We have Russia’s efforts to get more public appearance. Russia funds the English-language channel Russia Today (RT) which gained importance in Serbia; Russia is also funding a cultural center in Nis and sponsoring certain weekly magazines. Next spring, Russia Today is going to run a broadcast in Serbian language. Its Belgrade office will consist of round about 30 people. As of this week, the Balkan CNN has been launched - the N1 TV station. N1 broadcasts from three centers in former Yugoslavia - Belgrade, Zagreb and Sarajevo. This is the same axis Al Jazeera Balkans uses. It is a strong statement of return of the US in the Balkans under the new rules of the geopolitical game - the media front.
Compared to these efforts, the EU seems even more incapable to adequately join the race for the hearts and minds of strategically important regions such as the post-Soviet space and the Balkans. The EU runs the Euronews TV station, which is in English, but it can hardly be described as being influential.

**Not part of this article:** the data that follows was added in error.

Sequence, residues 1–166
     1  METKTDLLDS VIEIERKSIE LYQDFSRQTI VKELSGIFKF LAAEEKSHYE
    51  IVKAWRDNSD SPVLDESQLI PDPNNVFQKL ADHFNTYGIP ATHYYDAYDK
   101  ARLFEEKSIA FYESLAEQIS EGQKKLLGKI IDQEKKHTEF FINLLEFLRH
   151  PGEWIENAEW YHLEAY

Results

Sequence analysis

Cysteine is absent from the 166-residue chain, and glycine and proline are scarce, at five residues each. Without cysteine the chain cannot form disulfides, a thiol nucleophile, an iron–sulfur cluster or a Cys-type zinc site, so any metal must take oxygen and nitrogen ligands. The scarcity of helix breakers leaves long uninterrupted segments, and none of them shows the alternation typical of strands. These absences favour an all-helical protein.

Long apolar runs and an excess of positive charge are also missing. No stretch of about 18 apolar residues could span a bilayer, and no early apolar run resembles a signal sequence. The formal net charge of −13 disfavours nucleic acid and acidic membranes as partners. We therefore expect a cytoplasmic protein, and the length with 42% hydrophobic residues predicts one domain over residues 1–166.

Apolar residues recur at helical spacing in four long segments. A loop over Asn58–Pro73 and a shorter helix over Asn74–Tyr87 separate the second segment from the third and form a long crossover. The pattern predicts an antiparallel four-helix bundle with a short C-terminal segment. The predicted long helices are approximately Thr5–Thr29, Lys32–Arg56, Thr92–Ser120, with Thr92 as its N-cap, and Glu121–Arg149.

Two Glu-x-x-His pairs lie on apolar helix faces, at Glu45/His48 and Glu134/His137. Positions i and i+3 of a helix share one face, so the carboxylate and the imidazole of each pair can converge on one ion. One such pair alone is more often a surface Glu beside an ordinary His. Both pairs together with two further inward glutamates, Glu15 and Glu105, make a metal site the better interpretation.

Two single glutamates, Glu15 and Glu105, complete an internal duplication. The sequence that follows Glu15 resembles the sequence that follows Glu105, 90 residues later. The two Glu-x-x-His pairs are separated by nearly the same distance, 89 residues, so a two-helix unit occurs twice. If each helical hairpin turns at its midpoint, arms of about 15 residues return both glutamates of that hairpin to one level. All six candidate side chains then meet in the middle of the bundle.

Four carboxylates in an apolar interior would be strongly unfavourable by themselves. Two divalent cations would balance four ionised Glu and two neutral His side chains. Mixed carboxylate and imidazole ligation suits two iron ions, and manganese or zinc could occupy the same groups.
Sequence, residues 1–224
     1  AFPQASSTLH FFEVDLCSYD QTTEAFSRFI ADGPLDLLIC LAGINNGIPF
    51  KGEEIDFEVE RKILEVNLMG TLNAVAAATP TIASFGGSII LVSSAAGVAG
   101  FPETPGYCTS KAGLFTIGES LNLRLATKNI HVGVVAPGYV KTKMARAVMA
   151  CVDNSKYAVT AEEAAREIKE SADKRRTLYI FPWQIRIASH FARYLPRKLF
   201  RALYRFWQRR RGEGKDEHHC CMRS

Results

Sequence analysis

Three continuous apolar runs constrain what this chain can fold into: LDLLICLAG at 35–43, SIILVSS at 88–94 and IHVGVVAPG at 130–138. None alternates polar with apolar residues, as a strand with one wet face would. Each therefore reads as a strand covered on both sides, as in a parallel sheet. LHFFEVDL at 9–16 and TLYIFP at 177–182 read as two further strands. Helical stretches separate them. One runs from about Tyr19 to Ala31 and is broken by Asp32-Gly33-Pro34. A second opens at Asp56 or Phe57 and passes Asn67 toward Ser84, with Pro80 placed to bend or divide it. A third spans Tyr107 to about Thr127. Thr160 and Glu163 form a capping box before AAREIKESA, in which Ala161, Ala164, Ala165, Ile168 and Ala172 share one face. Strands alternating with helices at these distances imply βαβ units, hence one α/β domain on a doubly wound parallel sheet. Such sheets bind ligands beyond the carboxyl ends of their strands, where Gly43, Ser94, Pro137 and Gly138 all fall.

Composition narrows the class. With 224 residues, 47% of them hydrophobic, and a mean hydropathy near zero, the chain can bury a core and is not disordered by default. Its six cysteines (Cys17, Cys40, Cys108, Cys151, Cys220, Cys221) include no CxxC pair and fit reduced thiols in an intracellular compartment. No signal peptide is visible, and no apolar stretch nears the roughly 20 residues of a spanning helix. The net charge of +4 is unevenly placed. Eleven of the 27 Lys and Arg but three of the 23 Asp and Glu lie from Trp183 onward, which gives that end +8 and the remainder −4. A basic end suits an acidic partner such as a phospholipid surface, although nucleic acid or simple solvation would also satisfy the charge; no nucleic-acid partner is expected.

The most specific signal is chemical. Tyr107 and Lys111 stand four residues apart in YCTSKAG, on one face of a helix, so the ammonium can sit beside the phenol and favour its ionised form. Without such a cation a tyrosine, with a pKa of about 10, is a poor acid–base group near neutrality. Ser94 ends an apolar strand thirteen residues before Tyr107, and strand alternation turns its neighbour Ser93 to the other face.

The media environment in the Balkans, but also in many of the former totalitarian states, is strongly dependent on oligarchic or political interests or a combination of both. The Union quite recently began to realize this problem. Last year, for the first time, the European Commission paid serious attention to the media situation in the progress reports of the candidate countries mostly because the situation had already reached critical levels, rendering impossible the creation of sustainable democracy and, most of all, a European system of values. The latter, although unofficially, is a precondition for EU membership,
In this year's progress report on Serbia, the European Commission points out that there is a deterioration of the conditions for the freedom of expression. Part of this problem is the Union's absence as a topic in the Serbian public. When it comes to the EU, it is mainly about the EU funds, negotiating chapters, good or bad reports, and sanctions to be imposed on Russia and nothing else that could help people understand what kind of organization the country is striving to access. On the other hand, the presence of the Russian point of view is too strong. Serbia’s government pretends to be in a somewhat neutral position; it is wavering between Russia and the West and wants to follow the recipe that had worked best in the past, namely Tito’s non-alignment.